Lead Pipes: When and How to Replace Them

Lead pipes are among the most insidious plumbing problems. Why? Because we did it to ourselves. Up until the 1950s, builders were installing lead pipes into homes. We’ve already learned that any amount of lead is harmful to the body. It attacks our organs, our minds and can lead to serious health conditions. It’s important we place these pipes now once and for all and get lead out of our lives. The question is: How?

Avoiding Lead Pipe Problems

Some of the lead pipes in our homes are exit-only. They run from drains or to sewers, and people aren’t sure they’re a big enough risk to replace. Before you make up your mind, ask yourself what happens with all of that wastewater. Where does it go? What does it do? Lead-based plumbing may be a source of lead found in groundwater sources.

At the same time, others wonder how much lead these pipes can really be contributing to pollution. If it’s just a bit of lead, isn’t that safe? Isn’t it safe when our water quality rating through the city says levels are within normal? This is a complicated question, but to start with the pipes themselves, they were only even intended to last roughly 40 years, meaning the lead pipes in your home are at an increased risk for corrosion.

The only way to avoid lead pipe problems is to remove them. Mr. Rooter of Oneida works with licensed plumbers who are certified by Onondaga County for leak detection and all types of plumbing work, including lead pipe replacement. It may be in your best interest to hire professionals for the job. We have the experience and tools needed to do this job safely, and our financing programs are second-to-none.

Staying Safer in the Meantime

Unfortunately, removing lead from American homes will be a lengthy process. There are ways you can stay safer now, however, from lead and other contaminants. Follow these plumbing tips and maintenance suggestions to improve the quality of all your water:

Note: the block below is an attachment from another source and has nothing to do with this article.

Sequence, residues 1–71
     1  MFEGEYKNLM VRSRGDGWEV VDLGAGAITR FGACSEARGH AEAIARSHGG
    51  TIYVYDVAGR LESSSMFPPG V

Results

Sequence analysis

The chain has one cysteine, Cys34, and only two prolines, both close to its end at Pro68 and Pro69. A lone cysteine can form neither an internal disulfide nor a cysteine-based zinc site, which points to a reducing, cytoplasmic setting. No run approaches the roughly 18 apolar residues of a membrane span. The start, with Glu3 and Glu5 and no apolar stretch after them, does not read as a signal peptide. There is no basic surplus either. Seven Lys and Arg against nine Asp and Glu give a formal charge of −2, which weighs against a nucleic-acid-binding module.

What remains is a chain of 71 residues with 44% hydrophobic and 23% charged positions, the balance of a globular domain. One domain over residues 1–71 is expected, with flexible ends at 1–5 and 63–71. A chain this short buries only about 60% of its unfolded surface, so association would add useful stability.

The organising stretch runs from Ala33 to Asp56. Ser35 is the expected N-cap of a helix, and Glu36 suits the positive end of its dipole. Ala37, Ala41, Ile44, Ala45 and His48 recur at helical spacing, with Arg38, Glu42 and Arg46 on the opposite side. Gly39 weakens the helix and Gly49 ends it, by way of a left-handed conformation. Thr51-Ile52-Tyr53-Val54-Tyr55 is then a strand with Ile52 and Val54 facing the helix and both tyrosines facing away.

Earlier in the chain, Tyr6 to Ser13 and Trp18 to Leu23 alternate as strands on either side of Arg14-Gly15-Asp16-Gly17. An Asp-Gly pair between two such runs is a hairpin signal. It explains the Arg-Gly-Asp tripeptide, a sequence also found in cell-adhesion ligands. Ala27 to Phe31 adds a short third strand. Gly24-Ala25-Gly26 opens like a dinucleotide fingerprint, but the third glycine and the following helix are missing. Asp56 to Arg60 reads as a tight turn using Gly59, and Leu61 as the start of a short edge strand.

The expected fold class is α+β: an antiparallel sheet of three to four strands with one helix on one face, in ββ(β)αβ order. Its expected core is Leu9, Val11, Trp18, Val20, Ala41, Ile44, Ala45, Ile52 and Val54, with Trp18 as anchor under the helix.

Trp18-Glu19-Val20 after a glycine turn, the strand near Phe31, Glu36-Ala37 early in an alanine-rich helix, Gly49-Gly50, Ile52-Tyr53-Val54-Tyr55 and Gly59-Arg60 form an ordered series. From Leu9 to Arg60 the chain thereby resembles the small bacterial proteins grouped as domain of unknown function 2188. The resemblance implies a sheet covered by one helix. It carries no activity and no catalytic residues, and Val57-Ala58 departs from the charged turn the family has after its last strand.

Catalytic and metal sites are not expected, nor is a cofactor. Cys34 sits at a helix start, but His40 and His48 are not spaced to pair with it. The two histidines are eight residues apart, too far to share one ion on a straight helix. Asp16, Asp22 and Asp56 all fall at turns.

• Identify your lead pipes. It’s relatively easy to find your lead pipes. They’re often located behind shower or tub access panels, under sinks or in the basement. The pipes tend to be thinner than traditional materials and dull silver. Magnets also will not stick to lead.
  • Run the water several seconds before use. Water sits inside your pipes overnight, and as it waits, it picks up pollutants in the water pipes. Running your faucet for several seconds clears that old water out of the line and introduces a somewhat cleaner supply.
  • Use a high-quality water filter. You can find units for use with your home’s whole supply, those that screw onto faucets or pitchers and cups that filter water from the tap. Just be mindful of what kind of filtering your device will do. Some of the most popular products, like Brita and Pur, aren’t effective at removing lead from drinking water.

Before you decide lead isn’t a problem in your home, call in a professional. You may be surprised to find you’re already being affected. You will also learn about the latest financial products aimed at homeowners concerned about rooting this danger out. For more information or to schedule an appointment, call Mr. Rooter.